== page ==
The whole thing is silly IMO. The league (and many times, and frankly many players as well) are bowing to pressure based on the cause being protested. As I pointed out earlier in the thread, there are many pundits, writers, and activists being very public about declaring anyone who doesn't participate in the protests as racists. If you stand for the anthem you are standing for white supremacy. In that context, and in the absence of the league saying "no, all players must stand and show respect during the anthem", you're going to get a lot of players doing so, not because they think it's the right thing to do, and not because they are exercising a "right", but purely because they don't want to be the ones singled out for not caring about black lives.

Similarly, the league is afraid to put their foot down for the same reason. The problem is that this is a completely moronic position for them to take. It's not about the cause itself, and if they were smart they could tailor their response to that very point. If they allow players to protest in this manner, then they must allow any player to engage in a similar protest, for any reason. If they don't, then they put themselves in the untenable position of having to be arbiters of which causes are worth enough to justify a protest during the anthem, and which are not.

The league could very easily put their foot down on protests of this type, making it clear that it's not the cause being protested that they oppose, but the use of the national anthem as a means to protest. You make it clear that they are free to support any cause they wish while not on the field, not in uniform, and not during the anthem. And you make it clear that this is non-negotiable, and there will be suspensions and fines for any player using the game as a means to engage in demonstrations.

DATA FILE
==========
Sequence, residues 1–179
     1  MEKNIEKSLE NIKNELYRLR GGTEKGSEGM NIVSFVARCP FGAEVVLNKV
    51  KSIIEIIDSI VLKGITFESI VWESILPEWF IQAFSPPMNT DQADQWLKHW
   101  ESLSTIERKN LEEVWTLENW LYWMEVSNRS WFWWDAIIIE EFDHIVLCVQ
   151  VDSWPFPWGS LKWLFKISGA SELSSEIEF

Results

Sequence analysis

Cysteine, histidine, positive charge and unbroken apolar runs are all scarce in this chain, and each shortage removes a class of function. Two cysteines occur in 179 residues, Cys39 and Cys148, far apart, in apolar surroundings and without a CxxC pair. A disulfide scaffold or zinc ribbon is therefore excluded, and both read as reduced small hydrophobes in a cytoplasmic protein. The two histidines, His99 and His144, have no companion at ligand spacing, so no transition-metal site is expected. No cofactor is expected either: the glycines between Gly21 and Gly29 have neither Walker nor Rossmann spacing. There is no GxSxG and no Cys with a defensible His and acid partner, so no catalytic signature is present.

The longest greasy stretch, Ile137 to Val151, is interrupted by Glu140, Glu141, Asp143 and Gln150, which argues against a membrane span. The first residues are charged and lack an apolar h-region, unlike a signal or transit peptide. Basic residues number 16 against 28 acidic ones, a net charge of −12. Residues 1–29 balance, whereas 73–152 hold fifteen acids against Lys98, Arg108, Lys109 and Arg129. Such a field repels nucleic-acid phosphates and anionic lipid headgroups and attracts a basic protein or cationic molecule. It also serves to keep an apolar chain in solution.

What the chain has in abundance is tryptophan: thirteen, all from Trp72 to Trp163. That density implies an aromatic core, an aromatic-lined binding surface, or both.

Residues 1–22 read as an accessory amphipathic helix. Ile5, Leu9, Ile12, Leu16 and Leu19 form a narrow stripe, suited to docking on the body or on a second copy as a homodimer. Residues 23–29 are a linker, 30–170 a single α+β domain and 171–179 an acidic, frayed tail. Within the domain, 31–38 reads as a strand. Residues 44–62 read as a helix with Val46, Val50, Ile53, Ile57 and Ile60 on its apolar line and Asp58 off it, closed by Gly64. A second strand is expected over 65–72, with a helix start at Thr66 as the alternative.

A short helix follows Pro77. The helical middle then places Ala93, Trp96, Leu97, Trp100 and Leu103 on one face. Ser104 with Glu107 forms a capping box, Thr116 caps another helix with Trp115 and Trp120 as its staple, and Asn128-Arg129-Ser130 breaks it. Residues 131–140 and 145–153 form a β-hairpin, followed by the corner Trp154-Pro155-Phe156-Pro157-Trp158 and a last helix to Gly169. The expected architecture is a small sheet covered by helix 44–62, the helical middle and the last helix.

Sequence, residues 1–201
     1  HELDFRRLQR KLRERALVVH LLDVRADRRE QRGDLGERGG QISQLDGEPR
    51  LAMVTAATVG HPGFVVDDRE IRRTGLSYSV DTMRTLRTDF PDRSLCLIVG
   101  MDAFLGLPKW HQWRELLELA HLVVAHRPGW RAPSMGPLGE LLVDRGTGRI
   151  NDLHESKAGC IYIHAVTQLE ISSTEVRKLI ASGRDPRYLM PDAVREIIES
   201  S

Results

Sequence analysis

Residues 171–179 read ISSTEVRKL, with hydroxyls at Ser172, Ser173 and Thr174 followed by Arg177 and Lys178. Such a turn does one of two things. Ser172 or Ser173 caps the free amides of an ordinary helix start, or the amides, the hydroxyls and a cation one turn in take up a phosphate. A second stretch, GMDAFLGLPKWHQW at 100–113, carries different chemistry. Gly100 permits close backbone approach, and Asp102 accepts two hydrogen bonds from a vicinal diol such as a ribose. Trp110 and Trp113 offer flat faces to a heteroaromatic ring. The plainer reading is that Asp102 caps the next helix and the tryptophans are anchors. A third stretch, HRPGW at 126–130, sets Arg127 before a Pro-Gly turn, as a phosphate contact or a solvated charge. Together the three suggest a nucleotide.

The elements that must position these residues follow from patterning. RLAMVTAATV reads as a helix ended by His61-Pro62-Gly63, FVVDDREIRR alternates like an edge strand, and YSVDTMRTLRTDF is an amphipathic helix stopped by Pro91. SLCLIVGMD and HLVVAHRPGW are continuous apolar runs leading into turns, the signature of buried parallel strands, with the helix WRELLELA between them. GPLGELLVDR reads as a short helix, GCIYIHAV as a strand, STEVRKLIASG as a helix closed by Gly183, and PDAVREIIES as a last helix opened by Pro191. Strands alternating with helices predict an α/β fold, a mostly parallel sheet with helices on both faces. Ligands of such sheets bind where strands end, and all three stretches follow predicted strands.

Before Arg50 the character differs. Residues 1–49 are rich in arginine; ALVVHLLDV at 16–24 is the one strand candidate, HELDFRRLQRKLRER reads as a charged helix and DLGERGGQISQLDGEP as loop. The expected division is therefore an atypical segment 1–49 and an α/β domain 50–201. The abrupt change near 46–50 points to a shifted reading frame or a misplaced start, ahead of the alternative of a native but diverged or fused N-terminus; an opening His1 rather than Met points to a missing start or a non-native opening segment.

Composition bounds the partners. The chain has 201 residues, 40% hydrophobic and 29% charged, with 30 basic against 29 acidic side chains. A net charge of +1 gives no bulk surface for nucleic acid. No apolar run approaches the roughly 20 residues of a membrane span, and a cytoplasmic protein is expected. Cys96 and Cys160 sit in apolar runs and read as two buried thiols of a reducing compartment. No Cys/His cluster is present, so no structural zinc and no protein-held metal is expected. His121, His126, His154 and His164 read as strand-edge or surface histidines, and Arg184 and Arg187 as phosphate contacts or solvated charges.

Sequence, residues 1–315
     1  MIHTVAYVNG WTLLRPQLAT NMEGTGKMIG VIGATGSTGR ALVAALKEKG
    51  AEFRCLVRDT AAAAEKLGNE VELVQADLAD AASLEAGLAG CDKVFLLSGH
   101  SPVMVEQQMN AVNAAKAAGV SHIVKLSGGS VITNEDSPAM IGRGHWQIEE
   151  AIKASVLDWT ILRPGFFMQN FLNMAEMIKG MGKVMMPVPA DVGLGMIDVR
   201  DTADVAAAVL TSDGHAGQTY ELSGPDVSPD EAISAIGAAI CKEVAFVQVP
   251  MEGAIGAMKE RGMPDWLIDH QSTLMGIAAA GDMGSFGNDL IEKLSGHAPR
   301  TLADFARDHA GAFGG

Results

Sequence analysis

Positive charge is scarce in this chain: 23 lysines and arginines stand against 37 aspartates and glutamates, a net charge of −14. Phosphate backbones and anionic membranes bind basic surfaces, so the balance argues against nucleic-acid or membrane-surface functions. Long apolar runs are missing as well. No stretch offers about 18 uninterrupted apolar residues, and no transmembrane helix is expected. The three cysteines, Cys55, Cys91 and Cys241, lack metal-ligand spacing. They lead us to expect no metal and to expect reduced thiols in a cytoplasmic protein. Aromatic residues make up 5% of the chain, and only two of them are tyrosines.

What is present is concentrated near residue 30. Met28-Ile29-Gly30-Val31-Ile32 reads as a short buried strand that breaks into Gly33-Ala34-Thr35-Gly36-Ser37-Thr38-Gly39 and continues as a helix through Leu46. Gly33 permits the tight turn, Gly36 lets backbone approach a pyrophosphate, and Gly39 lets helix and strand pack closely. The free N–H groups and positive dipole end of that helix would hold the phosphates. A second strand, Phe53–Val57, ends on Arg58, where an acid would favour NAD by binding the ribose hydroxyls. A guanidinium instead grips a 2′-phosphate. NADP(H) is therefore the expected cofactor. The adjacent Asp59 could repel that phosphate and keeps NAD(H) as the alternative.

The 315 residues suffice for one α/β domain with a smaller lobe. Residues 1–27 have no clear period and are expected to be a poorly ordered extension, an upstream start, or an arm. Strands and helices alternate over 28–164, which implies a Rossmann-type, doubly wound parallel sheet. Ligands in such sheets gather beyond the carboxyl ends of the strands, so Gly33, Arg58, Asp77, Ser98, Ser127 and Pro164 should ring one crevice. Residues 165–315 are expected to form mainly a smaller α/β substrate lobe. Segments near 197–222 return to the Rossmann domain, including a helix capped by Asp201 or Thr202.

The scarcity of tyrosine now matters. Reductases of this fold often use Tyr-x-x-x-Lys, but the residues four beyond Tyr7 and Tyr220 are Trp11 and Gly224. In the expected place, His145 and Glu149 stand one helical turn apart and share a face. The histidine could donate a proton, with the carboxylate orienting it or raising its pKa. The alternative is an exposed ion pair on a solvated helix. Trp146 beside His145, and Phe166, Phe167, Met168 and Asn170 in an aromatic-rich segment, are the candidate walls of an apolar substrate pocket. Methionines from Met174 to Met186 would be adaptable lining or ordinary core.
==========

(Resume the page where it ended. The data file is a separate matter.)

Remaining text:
By being wishy washy on this, they're making things worse, not better. If they'd taken this position on day one, we wouldn't be in the situation we're in now. It's not going to get better until they finally act. Saying "we think players should stand and be respectful, but we wont require it" is not sufficient. It's just a green light for more protests. Because while they are doing and saying nothing to discourage the behavior, the players and teams are under significant pressure to allow and continue the behavior.

They just need to knock this off now.


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Ratings are down, as they were last year. They tend to dip early and build back up for Playoffs and Super Bowl. Attendance is down compared to the same Week 4 numbers last year and the year before, but it isn't as low as 2014. So with the actual facts and not emotional narratives it looks like even the fans feel the players have the right to protest, or are indifferent, as well.


The same fans who are booing the players while they are doing this? The same fans who are waving signs denouncing what the players are doing? While this is certainly anecdotal, if you do a google search on images of fans supporting/opposing NFL protests, you see a whole lot of folks with signs disagreeing with the protests during the anthem. I'm not sure I could even find a single one in support, by someone actually in an NFL stadium (the few I could find were folks at what looked like other protest marches, holding signs in support).

It's pretty clear that "the fans" overall, are not happy with what's going on. I'm not sure what "actual facts", you're talking about. The only facts that matter is an increasing number of very ****** off fans. When your entire business model revolves around making those fans happy, that's not a good thing.

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And that's just the numbers. If you want to argue the reason there's just as much evidence it's because people's attention spans are shrinking due to Netflix and DVRs (since the numbers are down for pretty much all sports), or you could say fans are boycotting player condition due to concussions and such.


If that's the excuse you choose to use. Again though, you'd think that in an era of flagging interest, doing something that makes those who still have interest upset with the sport, isn't a great idea. Rocking the boat you are in, is pretty dumb, but that's what these players are doing.

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But who are you going to believe?


The fans? My own eyes?

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Facts or a businessman turned politician who was burned by the NFL in the '80s and has a long documented history of lying and holding grudges?


This is not about Trump.
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#585 Oct 18 2017 at 7:56 PM Rating: Decent